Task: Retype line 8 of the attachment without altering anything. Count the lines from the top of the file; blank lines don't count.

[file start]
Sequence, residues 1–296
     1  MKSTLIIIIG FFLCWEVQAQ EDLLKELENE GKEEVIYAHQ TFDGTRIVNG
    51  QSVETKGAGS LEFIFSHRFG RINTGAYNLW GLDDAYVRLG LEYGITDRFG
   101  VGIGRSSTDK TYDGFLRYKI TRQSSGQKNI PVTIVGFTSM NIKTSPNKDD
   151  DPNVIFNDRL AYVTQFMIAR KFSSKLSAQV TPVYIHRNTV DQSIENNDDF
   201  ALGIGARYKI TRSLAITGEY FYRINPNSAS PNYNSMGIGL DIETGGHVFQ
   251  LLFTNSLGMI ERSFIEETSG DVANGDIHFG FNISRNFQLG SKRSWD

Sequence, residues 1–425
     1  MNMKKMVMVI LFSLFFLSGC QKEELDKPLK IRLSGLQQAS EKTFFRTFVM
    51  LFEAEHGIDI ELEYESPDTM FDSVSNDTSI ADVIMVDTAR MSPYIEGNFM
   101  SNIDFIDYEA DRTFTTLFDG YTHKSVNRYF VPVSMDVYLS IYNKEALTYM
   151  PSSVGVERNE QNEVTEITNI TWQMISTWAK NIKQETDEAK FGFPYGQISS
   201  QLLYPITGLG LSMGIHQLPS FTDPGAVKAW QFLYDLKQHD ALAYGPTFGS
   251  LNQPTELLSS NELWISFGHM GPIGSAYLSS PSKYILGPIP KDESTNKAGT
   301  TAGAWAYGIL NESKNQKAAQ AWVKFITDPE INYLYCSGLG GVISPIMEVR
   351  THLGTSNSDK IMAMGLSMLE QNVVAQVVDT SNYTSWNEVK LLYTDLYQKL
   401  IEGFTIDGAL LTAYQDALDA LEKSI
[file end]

Sequence, residues 1–425